Tagged einstein

“Ditto goes to school” (VII)


“Virginia,” said the teacher, “How much is three plus three?” “Three plus three,” said Virginia, “is six.” “Excellent,” said the teacher.


O.k., said the teacher, let’s have “big-nose” do the next one… Tell us, “big-nose”, how many arc seconds per century is the perihelion precession of Mercury relative to the earth, and what scientist provided the theory to explain this precession?


When I heard the learnèd school-marm;
when the proofs and figures were ranged in columns;
when I was shown the charts and diagrams,
to add, divide, and measure the heavens;
when I, sitting, heard the school-marm in the school house,
how soon, unaccountable, I became tired and sick;
till rising and gliding out, I wandered off by myself,
into the mystical cool night-air, and from time to time,
looked up in perfect silence at the stars.

(altered from Walt Whitman)

“Weohryant University” (XV) – What 101


Today’s question, said Blurtso, is: “What is that blur of movement?”
I don’t see anything, said Morton.
Neither do I, said Chelsea.
Maybe it’s moving too fast to be seen, said Frank.
I suppose it could be anything, said Morton.
Anything, said Chelsea, that’s moving too fast to be seen.
If it’s moving too fast to be seen, said Emma Lou, how do we know it’s really here?
I suppose we don’t, said Frank.
Maybe we should make a list, said Glouster, of the things that move fast.
I can move fast, said Frank, when I’m hunting or being hunted.
So fast, said Chelsea, that you can’t be seen?
I don’t know, said Frank, I don’t have a mirror.
The next time you’re being hunted, said Chelsea, tell me so I can see if you can be seen.
Humming birds move fast, said Morton.
So fast, said Chelsea, that they can’t be seen?
Yes, said Morton, if you’re not paying attention.
Is it really possible, said Chelsea, for something to move too fast to be seen?
At the subatomic level, said Emma Lou.
That’s because it’s small, said Glouster, not because it’s fast.
It’s both, said Emma Lou.
First we can’t trust our sense of smell, said Morton, and now we can’t trust our sense of sight?
If things can move too fast to be seen, said Chelsea, how do we know we’re not surrounded by things moving too fast to be seen?
I think everything moves too fast, said Morton. Why can’t we all slow down?
That’s a good question, said Emma Lou.
Humans move fast, said Frank.
Yes, said Emma Lou, they’re always in a hurry to get somewhere.
Where do you think they’re going? said Chelsea.
They hurry to work, said Glouster, then hurry to finish, then hurry home, then hurry to go out, then hurry to return.
If something, said Morton, is moving too fast to be seen, is it moving too fast to see?
That’s another good question, said Emma Lou.
People in a hurry can’t see me, said Chelsea.
And the joggers along the Charles, said Glouster, don’t see me.
My cousin, said Frank, was hit by a person who didn’t see him.
I’m sorry, said Chelsea.
What’s the fastest thing in the world? said Morton.
Light is the fastest, said Glouster.
How fast? said Morton.
186,000 miles per second, said Glouster.
That’s fast! said Morton.
So fast, said Glouster, that time stands still.
What? said Morton.
When an object, said Glouster, moves at the speed of light, time stands still for that object.
Who says? said Morton.
Einstein says, said Glouster
The bagel maker? said Morton.
No, said Glouster, the physicist.
So if I moved at the speed of light, said Morton, I’d have all the time in the world?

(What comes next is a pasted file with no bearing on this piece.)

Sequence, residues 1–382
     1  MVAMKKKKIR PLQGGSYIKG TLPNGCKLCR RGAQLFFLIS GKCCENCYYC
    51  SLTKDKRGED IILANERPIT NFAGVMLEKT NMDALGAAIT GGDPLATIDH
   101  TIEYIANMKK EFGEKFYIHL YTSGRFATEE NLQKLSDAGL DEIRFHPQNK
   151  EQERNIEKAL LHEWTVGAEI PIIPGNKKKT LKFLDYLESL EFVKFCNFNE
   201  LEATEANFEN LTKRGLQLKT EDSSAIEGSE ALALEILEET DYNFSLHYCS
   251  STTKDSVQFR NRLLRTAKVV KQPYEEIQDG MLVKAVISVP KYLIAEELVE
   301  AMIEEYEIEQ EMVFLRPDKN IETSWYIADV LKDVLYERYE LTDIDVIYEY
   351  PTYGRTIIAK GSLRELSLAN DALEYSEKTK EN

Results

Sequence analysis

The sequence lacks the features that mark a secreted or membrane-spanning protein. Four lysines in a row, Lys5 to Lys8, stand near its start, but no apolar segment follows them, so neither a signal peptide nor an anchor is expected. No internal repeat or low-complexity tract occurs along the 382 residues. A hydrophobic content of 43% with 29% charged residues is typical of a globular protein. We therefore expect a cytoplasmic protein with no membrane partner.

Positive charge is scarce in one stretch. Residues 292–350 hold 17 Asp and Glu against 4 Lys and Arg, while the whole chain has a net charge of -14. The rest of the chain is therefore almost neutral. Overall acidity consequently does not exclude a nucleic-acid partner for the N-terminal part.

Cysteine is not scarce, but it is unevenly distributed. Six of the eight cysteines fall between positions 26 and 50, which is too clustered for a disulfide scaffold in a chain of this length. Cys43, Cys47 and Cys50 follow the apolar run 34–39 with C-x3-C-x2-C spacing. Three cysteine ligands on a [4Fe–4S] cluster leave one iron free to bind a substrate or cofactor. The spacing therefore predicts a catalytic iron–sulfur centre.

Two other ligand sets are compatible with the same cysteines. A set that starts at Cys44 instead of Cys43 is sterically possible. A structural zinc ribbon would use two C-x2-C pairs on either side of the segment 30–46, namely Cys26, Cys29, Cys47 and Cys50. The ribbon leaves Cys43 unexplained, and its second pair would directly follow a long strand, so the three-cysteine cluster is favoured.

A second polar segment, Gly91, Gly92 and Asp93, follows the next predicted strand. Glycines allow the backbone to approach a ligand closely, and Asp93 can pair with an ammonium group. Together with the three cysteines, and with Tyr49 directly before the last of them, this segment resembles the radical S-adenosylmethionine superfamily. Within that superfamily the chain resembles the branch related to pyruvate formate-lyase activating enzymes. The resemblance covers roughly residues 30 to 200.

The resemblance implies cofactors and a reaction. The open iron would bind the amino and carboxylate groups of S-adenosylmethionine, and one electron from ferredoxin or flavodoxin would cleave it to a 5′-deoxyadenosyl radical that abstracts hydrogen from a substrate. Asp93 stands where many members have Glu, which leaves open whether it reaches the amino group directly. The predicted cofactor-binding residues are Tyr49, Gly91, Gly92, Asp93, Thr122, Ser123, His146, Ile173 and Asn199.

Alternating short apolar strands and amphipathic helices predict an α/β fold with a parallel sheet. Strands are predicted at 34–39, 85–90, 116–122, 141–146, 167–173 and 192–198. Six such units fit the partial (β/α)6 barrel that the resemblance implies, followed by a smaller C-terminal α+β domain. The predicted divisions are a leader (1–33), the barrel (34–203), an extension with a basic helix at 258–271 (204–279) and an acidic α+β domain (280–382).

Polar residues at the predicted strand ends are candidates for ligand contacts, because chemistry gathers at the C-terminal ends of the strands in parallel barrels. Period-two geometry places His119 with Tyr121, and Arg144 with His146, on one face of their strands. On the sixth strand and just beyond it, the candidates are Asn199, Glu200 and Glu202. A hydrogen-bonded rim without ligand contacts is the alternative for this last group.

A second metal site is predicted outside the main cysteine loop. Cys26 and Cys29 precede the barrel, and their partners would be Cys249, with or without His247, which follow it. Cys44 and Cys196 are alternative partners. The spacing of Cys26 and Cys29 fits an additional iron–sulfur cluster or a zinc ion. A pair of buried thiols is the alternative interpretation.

You’d be immortal, said Emma Lou.
That would be great! said Morton.
Jorge Luis Borges, said Glouster, wrote a story called, “The Immortals.”
What’s it about? said Chelsea.
It’s about a man, said Glouster, who finds the fountain of immortality, takes a drink, and becomes immortal.
Does he move at the speed of light? said Morton.
No, said Glouster, he just lives forever.
Ravens are immortal, said Frank.
They are? said Chelsea.
Yes, said Frank, we can travel from the world of the living to the world of the dead, and back again.
Are you immortal? asked Chelsea.
I will be, said Frank, in the future.
If you could travel at the speed of light, said Morton, you wouldn’t have any future.
What happens to the man in “The Immortals”? said Emma Lou.
He lives for thousands and thousands of years, said Glouster, and learns every language, and reads every book, and does everything again and again and again, until he finally decides to look for the fountain of death.
Of death? said Morton.
Yes, said Glouster, because immortality is unbearable.
That’s very interesting, said Emma Lou.
It makes you feel sorry for the gods, said Chelsea.
It makes heaven sound less attractive, said Emma Lou.
Maybe moving at the speed of light, said Morton, isn’t so good—you wouldn’t have a future and you wouldn’t have a past, you couldn’t be seen and you couldn’t see.
So death is a good thing? said Chelsea.
Yes, said Emma Lou, it is.
But I don’t want to die, said Chelsea.
Even after you’ve done everything again and again? said Emma Lou.
I haven’t done everything again and again, said Chelsea.
It would be like a “deep and dreamless sleep,” said Morton.
A what? said Chelsea
That’s what the Upanishads say, said Morton.
Are you reading the Upanishads now? said Chelsea. I’m still in the Mahabharata. There’s a war and everyone is fighting for life and death.
I suppose the possibility of death, said Emma Lou, makes life more exciting.
I’m never more alive, said Frank, than when I’m hunting or being hunted.
I still don’t know how, said Morton, moving fast makes time stand still.
I think people move fast, said Chelsea, so that they will have more time.
Time to do what? said Emma Lou.
Time to move faster, said Chelsea, until time stops and they become immortal.
Which is the same as being dead? said Morton.
We’re back to where we started, said Glouster.
I suppose we’ve been moving so fast, said Morton, that we haven’t gone anywhere at all.